All the Young Dudes: Why Glam Rock Matters by Mark Dery“All the Young Dudes,” glam rock’s rallying cry, turned 40 last year. David Bowie wrote it, but Mott the Hoople owned it: their version was, and will ever remain, glam’s anthem, a hymn of exuberant disenchantment that also happens to be one of rock’s all-time irresistible sing-alongs.
Bowie, glam, and “All the Young Dudes” are inseparable in the public mind, summoning memories of a subculture dismissed as apolitical escapism, a glitter bomb of fashion and attitude that briefly relieved the malaise of the ‘70s.
Now, cultural critic Mark Dery gives the movement its due in an 8,000-word exploration of glam as rebellion through style. As polymorphously perverse as the subculture it explores, “All the Young Dudes: Why Glam Matters” is equal parts fan letter, visual-culture criticism, queer theory, and true confession.
In bravura style, Dery teases out lines of connection between glam, the socioeconomic backdrop of the ‘70s, Oscar Wilde as a late-Victorian Ziggy Stardust, the etymology and queer subtext of the slang term “dude,” the associative links between the ‘20s-style cover of the Mott album on which “Dudes” appeared and the coded homoeroticism of the ‘20s magazine illustrator J.C. Leyendecker (considered in the context of the 1970s fad for all things 1920s), and Dery’s own memories of growing up glam in ‘70s San Diego, where coming out as a Bowie fan---even for straight kids---was an invitation to bullying.
Glam emboldened kids in America and England to dream of a world beyond suburbia’s oppressive notions of normalcy, Dery argues, a world conjured up in pop songs full of Wildean irony and Aestheticism and jaw-dropping fashion statements to match. More important, glam drew inspiration from feminism and gay liberation to articulate a radical critique of mainstream manhood---a pomosexual vision of masculinity whose promise remains only partly fulfilled, even now.
All the Young Dudes
With the sad passing of Mott drummer Dale Griffin earlier this week, here's the story of how long time fan David Bowie gave the band one of his best songs - just so they wouldn't split up. They were the stack heeled rockers who epitomised the '70s with their song All The Young Dudes. Their biggest chart success Mott the Hoople ever had, the tune was written by the late David Bowie , who'd donated it to the band to stop them from splitting up. But the track, which helped make them a household name, would also become the very thing that tore them apart. Luckily, not long after that in , success finally came knocking, with long-time Mott fan David Bowie offering them the track Suffragette City from his then still-to-be-released Ziggy Stardust album. But when they turned it down he wrote them All the Young Dudes instead in an attempt to stop them from packing it in. We'd never met him before but he just had this unmistakable star quality about him.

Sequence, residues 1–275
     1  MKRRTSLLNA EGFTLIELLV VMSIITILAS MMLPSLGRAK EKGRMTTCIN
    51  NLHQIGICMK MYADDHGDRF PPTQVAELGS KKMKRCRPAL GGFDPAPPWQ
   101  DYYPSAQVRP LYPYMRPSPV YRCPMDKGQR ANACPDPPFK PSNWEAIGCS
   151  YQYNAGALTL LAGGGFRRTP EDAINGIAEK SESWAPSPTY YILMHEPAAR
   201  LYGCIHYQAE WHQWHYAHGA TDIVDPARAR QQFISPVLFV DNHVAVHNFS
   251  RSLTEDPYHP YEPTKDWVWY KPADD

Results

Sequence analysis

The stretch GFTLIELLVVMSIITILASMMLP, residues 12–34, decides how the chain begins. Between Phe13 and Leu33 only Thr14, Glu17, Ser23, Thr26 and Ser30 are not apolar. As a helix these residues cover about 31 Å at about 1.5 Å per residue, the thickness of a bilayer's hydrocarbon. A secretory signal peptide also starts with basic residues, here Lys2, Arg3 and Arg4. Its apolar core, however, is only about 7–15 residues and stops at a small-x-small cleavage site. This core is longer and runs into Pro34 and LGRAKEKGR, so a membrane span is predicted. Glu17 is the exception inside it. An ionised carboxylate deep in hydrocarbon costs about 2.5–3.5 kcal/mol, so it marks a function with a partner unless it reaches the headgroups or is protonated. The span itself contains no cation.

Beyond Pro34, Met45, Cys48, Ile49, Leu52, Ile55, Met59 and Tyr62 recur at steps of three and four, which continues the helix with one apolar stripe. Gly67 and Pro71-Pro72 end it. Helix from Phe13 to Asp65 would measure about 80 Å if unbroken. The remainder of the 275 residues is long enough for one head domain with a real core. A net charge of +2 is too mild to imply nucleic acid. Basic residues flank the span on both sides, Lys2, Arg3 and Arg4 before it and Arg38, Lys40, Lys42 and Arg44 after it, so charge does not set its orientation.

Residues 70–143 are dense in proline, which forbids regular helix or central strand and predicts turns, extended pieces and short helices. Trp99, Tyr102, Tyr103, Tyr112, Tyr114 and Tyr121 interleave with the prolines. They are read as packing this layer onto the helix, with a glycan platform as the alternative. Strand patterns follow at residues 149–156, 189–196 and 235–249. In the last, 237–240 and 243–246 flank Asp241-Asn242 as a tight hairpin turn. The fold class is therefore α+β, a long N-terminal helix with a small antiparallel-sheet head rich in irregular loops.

Just at the moment Mott the Hoople were calling it a day, David Bowie swooped in and convinced them to stick around. Bowie spearheaded an image makeover, urging them to glam themselves up. He gave them a surefire hit with "All the Young Dudes," had them cover his idol's "Sweet Jane," and produced All the Young Dudes , the album that was designed to make them stars. Lo and behold, it did, which is as much a testament to Bowie 's popularity as it is to his studio skill. Not to discount his assistance, since his production results in one of the most satisfying glam records and the title track is one of the all-time great rock songs, but the album wouldn't have worked if Mott hadn't already found its voice on Brain Capers. True, Dudes isn't nearly as wild as its predecessor, but the band's swagger is unmistakable underneath the flair and Ian Hunter remains on a songwriting roll, with "Momma's Little Jewel," "Sucker," and "One of the Boys" standing among his best.
Ian pulls him on-stage. That particular night, we came out of the Rainbow after the party at four a. Like Like. You are commenting using your WordPress. You are commenting using your Google account. You are commenting using your Twitter account. You are commenting using your Facebook account.
The, "All the young dudes carry the news" line refers to part of Bowie's story where there is no electricity, and Ziggy Stardust uses songs to spread the news.
quotes father and daughter relationships
Log in or Sign up. Steve Hoffman Music Forums.
Regarded as one of glam rock 's anthems,   the song originated after Bowie came into contact with Mott the Hoople's bassist Peter Watts and learned that the band was ready to split due to continued lack of commercial success. When the band rejected his first offer of a composition, " Suffragette City " which later appeared on The Rise and Fall of Ziggy Stardust and the Spiders from Mars , Bowie wrote "All the Young Dudes" in short order especially for them, allegedly sitting cross-legged on the floor of a room in London's Regent Street , in front of the band's lead singer, Ian Hunter. With its dirge -like music, youth suicide references and calls to an imaginary audience, the song bore similarities to Bowie's own " Rock 'n' Roll Suicide ", the final track from Ziggy Stardust. Described as being to glam rock what " All You Need Is Love " was to the hippie era, the lyrics name-checked contemporary stars T. Bowie himself once claimed that the song was not intended to be an anthem for glam, that it actually carried a darker message of apocalypse. According to an interview Bowie gave to Rolling Stone magazine in , the boys are carrying the same news that the newscaster was carrying in the song " Five Years " from Ziggy Stardust; the news being the fact that the Earth had only five years left to live. Bowie explains: "All the Young Dudes is a song about this news.